Brand names subconsciously afftect people's shopping goals

Jul 17, 2008

Even 60 milliseconds of exposure to a brand name such as Wal-Mart or Tiffany can alter consumers' subconscious goals, according to new research in the Journal of Consumer Research.

Authors Tanya L. Chartrand, Joel Huber (both Duke University), Baba Shiv (Stanford University), and Robin J. Tanner (University of Wisconsin) examined goals that are triggered when consumers shop.

"Results suggest that simple exposure to brand names has the potential to activate goals which then influence choices," write the authors. "This data thus opens the door to an intriguing new way to think about the role and power of brands."

The research suggests that goals can be triggered without consciousness. In other words, passing a discount store on the way to the sporting good store might affect an eventual purchase.

In a series of four studies, the researchers had participants complete scrambled sentence tasks designed to subconsciously activate either "thrift" or "prestige" goals. In subsequent studies, participants completed those tasks and were then asked to make choices among various product brands. In the authors' final study, participants viewed numbers on a computer screen while U.S. retail brand names flashed on the edge of their field of vision. Those brand names were associated with prestige (Tiffany, Neiman Marcus, and Nordstrom) or thrift (Wal-Mart, K-Mart, and Dollar Store). Those 60-millisecond flashes influenced the participants' choices of socks or microwaves.

"To the best of our knowledge, this provides the first evidence that such brands can automatically activate purchase goals in individuals and that these goals can influence consumers' product preferences without their awareness or conscious intent," the authors conclude.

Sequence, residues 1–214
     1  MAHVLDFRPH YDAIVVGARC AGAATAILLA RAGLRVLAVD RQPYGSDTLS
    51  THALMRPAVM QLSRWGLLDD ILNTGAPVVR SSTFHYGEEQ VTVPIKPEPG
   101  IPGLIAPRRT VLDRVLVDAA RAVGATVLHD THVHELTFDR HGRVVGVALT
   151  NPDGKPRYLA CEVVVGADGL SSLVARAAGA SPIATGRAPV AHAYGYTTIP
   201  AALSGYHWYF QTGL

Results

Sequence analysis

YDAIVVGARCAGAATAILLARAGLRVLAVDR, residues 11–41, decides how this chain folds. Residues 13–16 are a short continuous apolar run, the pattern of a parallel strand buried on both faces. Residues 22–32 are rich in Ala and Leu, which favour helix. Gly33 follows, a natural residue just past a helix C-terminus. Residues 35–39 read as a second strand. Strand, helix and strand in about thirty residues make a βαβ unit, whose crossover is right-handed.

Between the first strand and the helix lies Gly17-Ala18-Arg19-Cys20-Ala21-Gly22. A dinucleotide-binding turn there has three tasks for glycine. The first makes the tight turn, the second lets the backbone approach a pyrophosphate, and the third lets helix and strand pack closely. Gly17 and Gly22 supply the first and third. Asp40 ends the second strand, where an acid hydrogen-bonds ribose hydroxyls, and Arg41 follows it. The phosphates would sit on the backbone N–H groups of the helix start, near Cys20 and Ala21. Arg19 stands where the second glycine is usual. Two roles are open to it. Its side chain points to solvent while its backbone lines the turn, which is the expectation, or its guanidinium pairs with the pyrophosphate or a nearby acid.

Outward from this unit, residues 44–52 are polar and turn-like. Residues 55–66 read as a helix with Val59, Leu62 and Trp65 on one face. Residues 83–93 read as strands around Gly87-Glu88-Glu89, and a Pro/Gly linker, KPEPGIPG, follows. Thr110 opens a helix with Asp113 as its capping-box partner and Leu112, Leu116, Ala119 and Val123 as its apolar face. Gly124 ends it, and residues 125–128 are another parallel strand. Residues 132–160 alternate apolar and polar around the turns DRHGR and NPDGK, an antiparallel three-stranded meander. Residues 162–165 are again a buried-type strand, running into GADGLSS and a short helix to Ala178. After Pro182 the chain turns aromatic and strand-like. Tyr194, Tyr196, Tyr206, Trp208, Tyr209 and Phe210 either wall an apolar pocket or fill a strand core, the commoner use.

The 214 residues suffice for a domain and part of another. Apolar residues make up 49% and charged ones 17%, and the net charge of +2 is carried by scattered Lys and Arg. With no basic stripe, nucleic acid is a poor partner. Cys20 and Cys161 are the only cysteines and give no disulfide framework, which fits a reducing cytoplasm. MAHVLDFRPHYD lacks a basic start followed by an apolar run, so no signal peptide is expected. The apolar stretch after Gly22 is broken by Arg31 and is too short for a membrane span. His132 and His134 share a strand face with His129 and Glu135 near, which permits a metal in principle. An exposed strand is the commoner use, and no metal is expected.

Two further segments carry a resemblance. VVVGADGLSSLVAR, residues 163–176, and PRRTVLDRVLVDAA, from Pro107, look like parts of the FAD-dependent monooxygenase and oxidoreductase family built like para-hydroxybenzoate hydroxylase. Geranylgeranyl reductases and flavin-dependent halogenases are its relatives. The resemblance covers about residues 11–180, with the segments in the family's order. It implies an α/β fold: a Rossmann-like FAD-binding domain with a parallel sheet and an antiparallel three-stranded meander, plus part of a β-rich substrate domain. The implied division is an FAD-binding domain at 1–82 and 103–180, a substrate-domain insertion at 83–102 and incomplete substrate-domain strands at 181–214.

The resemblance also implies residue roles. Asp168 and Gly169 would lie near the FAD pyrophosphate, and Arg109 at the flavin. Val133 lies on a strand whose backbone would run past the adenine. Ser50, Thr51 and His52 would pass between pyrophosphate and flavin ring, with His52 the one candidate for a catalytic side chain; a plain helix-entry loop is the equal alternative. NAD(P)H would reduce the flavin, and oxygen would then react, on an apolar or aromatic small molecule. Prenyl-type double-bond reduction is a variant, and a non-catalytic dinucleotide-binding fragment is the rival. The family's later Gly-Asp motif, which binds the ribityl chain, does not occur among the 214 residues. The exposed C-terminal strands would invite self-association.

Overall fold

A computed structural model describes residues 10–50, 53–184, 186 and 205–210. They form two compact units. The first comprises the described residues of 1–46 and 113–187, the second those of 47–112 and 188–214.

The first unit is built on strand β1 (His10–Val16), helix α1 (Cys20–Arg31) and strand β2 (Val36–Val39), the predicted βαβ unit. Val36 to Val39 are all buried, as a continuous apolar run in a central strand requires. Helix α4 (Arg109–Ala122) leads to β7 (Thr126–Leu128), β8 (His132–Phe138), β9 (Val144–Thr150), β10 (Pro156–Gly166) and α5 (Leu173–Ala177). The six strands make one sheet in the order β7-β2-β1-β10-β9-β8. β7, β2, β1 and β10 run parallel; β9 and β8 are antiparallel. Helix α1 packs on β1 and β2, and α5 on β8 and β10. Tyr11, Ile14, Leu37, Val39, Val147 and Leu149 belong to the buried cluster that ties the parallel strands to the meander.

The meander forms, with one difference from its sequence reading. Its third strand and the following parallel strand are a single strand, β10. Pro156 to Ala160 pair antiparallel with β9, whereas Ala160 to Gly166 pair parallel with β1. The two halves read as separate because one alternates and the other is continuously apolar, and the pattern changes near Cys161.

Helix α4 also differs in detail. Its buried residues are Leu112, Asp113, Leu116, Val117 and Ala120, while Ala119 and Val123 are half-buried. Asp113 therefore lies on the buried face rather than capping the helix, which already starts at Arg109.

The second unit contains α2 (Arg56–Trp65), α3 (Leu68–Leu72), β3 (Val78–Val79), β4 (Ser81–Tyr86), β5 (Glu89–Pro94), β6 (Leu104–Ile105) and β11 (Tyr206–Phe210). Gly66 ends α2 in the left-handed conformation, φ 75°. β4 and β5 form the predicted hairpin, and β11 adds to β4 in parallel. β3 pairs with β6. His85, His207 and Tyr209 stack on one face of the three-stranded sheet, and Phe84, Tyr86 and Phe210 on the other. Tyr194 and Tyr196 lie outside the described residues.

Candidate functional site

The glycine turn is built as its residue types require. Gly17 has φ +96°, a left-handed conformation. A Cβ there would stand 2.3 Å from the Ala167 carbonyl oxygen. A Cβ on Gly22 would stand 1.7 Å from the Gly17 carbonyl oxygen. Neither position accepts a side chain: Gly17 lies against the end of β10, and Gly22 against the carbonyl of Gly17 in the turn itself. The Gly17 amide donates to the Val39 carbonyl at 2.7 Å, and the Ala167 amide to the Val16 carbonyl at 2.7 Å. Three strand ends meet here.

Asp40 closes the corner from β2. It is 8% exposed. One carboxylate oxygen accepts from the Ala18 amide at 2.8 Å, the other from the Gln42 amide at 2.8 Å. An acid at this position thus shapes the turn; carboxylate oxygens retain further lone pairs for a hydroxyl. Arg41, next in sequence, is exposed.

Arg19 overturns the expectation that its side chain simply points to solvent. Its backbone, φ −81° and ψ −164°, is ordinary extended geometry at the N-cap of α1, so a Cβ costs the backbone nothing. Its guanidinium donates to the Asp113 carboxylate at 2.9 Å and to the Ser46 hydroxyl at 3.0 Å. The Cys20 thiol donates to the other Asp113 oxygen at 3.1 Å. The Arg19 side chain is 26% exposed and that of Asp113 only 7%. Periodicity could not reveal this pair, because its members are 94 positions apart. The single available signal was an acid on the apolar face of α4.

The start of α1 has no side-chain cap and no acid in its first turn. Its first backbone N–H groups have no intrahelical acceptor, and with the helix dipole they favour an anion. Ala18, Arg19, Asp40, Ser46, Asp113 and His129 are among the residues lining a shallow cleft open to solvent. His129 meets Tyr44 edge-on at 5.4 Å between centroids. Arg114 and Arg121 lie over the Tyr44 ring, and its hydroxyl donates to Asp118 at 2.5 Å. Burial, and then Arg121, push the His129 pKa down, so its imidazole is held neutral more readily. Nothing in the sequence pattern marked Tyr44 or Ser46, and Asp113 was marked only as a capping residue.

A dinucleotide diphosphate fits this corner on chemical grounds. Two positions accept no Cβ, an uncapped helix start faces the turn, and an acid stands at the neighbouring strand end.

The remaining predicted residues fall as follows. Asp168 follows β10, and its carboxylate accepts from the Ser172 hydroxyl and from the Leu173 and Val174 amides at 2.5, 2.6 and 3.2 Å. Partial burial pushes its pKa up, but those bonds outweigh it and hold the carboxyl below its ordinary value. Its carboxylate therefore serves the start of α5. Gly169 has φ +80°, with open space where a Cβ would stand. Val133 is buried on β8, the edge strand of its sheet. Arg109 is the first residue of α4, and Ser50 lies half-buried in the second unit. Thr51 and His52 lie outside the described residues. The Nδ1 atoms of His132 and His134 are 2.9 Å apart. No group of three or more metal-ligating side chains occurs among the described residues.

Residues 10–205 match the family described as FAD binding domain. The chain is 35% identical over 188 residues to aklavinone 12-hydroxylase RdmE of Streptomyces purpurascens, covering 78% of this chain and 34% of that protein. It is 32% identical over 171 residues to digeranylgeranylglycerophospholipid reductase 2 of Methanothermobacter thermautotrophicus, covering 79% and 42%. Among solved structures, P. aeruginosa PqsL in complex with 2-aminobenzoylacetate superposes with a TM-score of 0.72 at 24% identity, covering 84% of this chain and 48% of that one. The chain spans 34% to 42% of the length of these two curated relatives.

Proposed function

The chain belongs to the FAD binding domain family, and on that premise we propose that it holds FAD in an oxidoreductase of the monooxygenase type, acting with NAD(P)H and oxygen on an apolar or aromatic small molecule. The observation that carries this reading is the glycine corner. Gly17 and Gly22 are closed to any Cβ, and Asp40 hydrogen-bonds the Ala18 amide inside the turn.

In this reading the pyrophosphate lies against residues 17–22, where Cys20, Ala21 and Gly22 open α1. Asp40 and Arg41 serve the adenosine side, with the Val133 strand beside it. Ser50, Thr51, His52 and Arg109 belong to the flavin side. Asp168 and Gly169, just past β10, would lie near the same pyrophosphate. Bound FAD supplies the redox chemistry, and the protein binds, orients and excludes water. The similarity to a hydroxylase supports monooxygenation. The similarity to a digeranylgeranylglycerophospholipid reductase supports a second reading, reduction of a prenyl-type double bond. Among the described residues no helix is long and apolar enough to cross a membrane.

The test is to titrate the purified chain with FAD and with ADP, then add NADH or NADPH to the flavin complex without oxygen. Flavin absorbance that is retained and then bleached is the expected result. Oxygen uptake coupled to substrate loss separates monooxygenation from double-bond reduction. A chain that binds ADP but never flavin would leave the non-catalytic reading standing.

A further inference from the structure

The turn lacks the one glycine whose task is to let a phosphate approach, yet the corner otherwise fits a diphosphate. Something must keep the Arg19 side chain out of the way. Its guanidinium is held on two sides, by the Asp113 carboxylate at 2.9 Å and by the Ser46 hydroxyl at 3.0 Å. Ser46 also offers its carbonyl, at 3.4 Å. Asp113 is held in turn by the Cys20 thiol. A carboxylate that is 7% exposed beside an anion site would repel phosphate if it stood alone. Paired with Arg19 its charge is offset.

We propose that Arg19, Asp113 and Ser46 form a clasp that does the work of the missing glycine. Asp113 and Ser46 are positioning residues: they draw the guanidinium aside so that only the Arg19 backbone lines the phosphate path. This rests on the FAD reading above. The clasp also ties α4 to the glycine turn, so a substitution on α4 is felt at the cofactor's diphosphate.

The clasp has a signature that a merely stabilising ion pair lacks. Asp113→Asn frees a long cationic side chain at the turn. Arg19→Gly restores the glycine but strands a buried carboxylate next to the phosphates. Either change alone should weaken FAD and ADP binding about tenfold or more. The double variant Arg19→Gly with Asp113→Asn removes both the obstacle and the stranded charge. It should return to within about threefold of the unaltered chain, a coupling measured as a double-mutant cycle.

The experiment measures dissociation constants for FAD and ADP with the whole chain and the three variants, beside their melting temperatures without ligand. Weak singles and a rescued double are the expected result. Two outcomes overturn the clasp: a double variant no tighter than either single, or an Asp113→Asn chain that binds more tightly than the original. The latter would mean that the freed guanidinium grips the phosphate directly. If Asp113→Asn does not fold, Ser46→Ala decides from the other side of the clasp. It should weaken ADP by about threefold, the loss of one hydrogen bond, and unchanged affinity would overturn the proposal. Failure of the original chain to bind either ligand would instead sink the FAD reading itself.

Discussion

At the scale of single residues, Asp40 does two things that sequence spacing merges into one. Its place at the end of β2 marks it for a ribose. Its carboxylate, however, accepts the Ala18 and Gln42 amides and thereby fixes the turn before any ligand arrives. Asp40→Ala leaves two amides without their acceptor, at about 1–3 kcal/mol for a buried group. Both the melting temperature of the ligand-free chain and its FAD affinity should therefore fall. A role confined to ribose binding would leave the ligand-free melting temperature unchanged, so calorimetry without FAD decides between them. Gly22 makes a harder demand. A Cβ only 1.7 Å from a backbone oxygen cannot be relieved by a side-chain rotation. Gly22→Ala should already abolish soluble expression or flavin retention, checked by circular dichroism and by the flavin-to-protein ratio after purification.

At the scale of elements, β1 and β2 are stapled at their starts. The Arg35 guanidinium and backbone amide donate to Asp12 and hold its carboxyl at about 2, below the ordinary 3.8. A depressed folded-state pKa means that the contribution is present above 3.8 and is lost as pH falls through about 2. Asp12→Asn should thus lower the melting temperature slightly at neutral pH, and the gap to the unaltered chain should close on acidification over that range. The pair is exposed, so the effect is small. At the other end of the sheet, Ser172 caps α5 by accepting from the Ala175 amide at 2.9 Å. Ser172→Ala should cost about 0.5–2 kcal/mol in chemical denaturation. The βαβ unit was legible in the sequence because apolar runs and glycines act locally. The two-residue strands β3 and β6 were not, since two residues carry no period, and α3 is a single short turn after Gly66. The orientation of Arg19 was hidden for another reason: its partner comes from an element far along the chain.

Source: University of Chicago

Explore further: Oceanographer Ballard elected to American Academy

add to favorites email to friend print save as pdf

Related Stories

Fear hackers? Sochi is little worse than elsewhere

Feb 07, 2014

How safe is Sochi for your electronics and personal data? The games, like nearly all international events, have sparked a series of online calls to arms, with various branches of the nebulous Anonymous movement pledging action ...

NHK shows downsized Super Hi-Vision video camera

May 28, 2012

(Phys.org) -- NHK this week placed on exhibit a shoulder-mount camera, developed in cooperation with Hitachi, capable of shooting what NHK calls super high vision (SHV) video in 7680×4320 resolution. ...

No-glasses 3-D technology to showcase at CES 2012

Dec 26, 2011

(PhysOrg.com) -- Stream TV Networks plans to introduce a line of products that feature 3-D viewing without glasses. What’s so special about its announcement, on top of scores of 3-D-without-glasses announcements? ...

Recommended for you

Bloody souvenir not from decapitated French king: DNA

3 hours ago

Two centuries after the French people beheaded King Louis XVI and dipped their handkerchiefs in his blood, DNA analysis has thrown new doubt on the authenticity of one such rag kept as a morbid souvenir.

Residents of 'boom time' suburbs face unsustainable commutes

5 hours ago

People living in the 'boom time' suburbs of Dublin are more likely to endure unsustainable commutes to work than those living in older accommodation. Research shows that people living in newly constructed housing in the Greater ...

User comments : 0

More news stories

Cell resiliency surprises scientists

New research shows that cells are more resilient in taking care of their DNA than scientists originally thought. Even when missing critical components, cells can adapt and make copies of their DNA in an alternative ...